Mammograms on the Decline

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It can spread to other parts of your body. And it can take your life. It's breast cancer. While mammography can detect it early, fewer American women are getting mammograms.

Ingham Regional Medical Center radiation oncologist Dr. Janaki Moni says, "People are getting complacent. The information about mammograms has been around for a long time."

According to IRMC radiologist Dr. Lewis Jones, "Particularly when women get reports every year that their mammogram is normal, then they just sort of say well, I'll just skip it for a year or two."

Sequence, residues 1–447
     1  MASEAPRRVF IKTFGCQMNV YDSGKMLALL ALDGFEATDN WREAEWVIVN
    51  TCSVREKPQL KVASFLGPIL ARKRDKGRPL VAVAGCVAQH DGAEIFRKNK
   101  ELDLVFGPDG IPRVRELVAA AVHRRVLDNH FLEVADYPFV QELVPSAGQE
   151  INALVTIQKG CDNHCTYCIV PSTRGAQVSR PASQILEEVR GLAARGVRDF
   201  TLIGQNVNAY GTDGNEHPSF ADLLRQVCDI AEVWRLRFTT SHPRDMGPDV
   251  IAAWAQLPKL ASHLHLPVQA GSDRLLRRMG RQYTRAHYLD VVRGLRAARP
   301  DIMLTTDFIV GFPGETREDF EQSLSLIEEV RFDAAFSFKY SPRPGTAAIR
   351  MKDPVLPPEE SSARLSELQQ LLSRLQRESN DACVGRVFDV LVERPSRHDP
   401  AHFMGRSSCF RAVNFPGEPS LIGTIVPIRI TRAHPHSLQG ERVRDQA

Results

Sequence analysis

The Centers for Disease Control reports a two percent decline in women getting yearly mammograms. Which means more than one million are not getting screened.

"When you miss getting your mammogram you stand a chance of getting cancer that has gotten larger in size, makes it harder to treat. You lessen your options," says Dr. Jones.

Dr. Moni explains, "If you diagnose it early and take it out, then your cure rates are much higher than when you wait until it becomes a big lump that someone can feel."

Experts say the drop in breast cancer cases could also be a result of the waning numbers of mammograms, potentially leaving hundreds of women at risk.

Dr. Jones says, "When you skip years you just don't know where you're at in your cycle. You don't know whether you're capturing lesions that have been there for a while or something that's there, just started."

A prime reason why mammograms for women 40 and up are so essential.